Landon Cox | Duke University

Moving to MSR

After 13 years at Duke, I moved to Microsoft Research to join the Mobility and Networking Group in the summer of 2018.

Privacy markers at MobiSys

Ashwin Machanavajjhala and I have been working with our students to find better ways of controlling the information that mobile apps access through a device's camera. Existing operating systems provide only coarse-grained control, i.e., an app has permission to access all camera data or none, but there is no way to allow partial access. For example, there is no good way to video chat with someone while keeping them from reading the whiteboard behind you. Today, either you give the video-chat app full access to the camera or none.

Our recent MobiSys paper provides finer grained control over visual information through privacy markers. A privacy marker allows users to tell the OS exactly which two-dimensional surfaces and three-dimensional objects in a video stream are important and should be treated with care. Users mark two-dimensional areas by drawing a special shape, e.g., on a piece of paper, on a whiteboard, or within a projected presentation. Users mark three-dimensional objects through a trusted UI on their device.

The OS can treat privacy markers in two ways: as secrets that should be blocked from a video stream, or as public areas so that everything except the marked areas are blocked. We initially treated marked areas as secret, but found that the computer-vision algorithms needed to detect the markers were not robust enough to provide strong security. Too often, lighting, motion blur, and other factors caused computer vision to fail and reveal secret information. Instead, we treated marked regions as public; the camera stream is blocked by default, and the system reveals only the marked regions that it detects. This sacrifices utility in favor of stronger privacy, but we found that this trade-of was appropriate for many (if not most) smartphone apps.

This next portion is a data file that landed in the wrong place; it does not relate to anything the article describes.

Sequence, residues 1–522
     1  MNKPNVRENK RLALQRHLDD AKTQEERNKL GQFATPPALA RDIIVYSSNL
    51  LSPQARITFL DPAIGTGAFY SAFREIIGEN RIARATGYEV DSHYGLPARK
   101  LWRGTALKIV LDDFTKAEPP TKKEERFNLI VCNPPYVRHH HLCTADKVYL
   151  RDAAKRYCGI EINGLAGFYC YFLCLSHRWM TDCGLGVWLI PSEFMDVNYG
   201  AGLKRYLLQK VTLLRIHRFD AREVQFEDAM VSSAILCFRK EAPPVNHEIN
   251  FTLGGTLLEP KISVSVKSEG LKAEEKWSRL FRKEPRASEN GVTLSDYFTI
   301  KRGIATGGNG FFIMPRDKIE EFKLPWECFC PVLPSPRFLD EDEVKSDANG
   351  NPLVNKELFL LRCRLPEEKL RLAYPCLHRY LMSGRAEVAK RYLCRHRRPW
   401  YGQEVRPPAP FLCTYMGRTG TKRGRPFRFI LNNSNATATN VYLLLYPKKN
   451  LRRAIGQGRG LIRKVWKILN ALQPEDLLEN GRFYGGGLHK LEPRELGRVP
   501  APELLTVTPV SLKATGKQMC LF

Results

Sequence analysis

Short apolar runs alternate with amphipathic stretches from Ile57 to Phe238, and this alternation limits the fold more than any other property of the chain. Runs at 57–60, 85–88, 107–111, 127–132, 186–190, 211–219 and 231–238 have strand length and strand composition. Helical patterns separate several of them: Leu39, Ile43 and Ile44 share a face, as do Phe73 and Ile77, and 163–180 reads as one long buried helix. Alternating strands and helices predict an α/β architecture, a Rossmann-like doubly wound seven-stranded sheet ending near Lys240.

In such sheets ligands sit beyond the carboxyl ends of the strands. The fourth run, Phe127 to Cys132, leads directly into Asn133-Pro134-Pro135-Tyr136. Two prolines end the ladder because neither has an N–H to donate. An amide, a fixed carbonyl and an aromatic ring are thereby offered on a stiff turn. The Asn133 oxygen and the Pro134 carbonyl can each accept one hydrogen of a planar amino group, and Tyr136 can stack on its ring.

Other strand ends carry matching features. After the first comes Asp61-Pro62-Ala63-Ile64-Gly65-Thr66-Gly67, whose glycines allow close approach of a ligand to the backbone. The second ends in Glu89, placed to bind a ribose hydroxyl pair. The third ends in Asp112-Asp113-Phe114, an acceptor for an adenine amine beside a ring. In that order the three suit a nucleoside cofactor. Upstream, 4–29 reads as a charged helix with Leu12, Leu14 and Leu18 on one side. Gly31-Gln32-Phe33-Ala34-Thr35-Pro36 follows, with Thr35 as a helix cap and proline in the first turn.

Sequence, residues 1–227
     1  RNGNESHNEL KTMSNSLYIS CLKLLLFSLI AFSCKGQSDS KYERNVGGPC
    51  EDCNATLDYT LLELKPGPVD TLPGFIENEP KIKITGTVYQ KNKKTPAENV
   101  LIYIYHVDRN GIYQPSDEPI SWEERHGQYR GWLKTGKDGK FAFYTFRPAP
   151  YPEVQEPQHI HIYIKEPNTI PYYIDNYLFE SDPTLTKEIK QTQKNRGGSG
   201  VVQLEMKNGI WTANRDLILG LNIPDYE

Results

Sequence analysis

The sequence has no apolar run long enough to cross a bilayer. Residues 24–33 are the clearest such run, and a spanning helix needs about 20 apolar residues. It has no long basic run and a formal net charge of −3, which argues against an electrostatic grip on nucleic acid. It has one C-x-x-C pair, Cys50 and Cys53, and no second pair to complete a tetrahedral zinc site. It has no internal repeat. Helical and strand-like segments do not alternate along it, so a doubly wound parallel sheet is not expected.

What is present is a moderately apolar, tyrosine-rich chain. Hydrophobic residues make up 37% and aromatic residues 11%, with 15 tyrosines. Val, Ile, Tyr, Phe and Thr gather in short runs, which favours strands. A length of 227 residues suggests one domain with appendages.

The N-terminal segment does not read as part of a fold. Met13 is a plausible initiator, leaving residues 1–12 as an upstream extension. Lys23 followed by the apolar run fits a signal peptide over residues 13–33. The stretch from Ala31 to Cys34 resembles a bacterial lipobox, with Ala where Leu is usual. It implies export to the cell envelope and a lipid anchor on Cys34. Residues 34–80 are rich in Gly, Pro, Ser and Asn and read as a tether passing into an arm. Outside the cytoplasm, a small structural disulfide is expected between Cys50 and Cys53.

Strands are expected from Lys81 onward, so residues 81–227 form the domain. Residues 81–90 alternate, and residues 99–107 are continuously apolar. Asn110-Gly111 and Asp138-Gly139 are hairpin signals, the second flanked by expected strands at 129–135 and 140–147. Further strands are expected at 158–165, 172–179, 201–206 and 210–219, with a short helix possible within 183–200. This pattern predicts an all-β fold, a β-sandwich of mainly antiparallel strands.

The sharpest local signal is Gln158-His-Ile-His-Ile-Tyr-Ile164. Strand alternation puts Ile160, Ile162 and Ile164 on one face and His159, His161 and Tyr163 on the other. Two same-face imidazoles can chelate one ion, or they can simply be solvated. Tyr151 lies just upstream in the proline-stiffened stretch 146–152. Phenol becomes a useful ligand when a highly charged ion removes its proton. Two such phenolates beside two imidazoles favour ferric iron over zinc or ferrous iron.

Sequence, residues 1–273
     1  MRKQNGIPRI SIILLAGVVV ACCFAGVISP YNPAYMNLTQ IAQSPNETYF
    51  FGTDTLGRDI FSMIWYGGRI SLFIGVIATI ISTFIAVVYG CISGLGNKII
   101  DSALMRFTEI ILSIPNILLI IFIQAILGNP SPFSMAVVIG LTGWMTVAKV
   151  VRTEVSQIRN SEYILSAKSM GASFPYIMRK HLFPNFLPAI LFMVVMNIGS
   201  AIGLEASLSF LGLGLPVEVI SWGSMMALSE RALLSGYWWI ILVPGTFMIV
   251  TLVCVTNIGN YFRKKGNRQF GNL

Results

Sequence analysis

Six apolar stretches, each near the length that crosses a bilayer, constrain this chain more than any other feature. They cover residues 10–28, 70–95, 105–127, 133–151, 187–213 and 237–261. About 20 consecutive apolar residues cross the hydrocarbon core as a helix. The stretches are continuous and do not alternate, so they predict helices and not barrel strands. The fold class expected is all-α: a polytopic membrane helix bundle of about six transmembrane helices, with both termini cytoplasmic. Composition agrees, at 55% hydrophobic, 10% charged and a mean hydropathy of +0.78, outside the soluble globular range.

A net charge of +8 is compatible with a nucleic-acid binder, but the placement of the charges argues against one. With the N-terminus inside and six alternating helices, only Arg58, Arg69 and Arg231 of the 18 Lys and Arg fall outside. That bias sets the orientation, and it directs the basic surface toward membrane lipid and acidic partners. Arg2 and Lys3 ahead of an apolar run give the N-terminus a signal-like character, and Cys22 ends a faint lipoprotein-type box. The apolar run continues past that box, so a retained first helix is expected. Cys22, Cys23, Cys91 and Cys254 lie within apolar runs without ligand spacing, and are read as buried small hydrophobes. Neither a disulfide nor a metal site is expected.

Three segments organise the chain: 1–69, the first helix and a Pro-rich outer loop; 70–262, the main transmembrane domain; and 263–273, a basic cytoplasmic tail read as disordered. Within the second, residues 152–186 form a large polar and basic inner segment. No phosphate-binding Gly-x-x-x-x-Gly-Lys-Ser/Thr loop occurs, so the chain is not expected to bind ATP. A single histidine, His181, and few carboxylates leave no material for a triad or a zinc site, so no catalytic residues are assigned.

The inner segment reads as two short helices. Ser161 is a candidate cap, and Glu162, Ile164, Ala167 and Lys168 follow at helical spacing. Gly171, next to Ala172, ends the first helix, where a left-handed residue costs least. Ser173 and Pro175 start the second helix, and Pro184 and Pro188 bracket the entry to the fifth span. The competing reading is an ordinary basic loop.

We built two systems around the idea of privacy markers, PrivateEye and WaveOff, and integrated both into the Android camera sub-system. A lot of engineering effort went into supporting realtime marker detection, which is critical for many mobile apps. Our initial prototype supported an unusable 4 FPS, but by the end the grad students had gotten throughput ramped up to a perfectly reasonable 23 FPS (on a fairly old smartphone).

Looking to the future, while the focus of this work was smartphone apps like video chat, document scanning, and QR-code scanning, the issue of fine-grained control of visual information is of much broader importance. Perception-driven systems like robots seem increasingly likely to enter our homes and offices, and it will be critical to ensure that these systems access only as much visual information as they need to do their jobs. We think that privacy markers can be an important part of making these emerging systems privacy sensitive.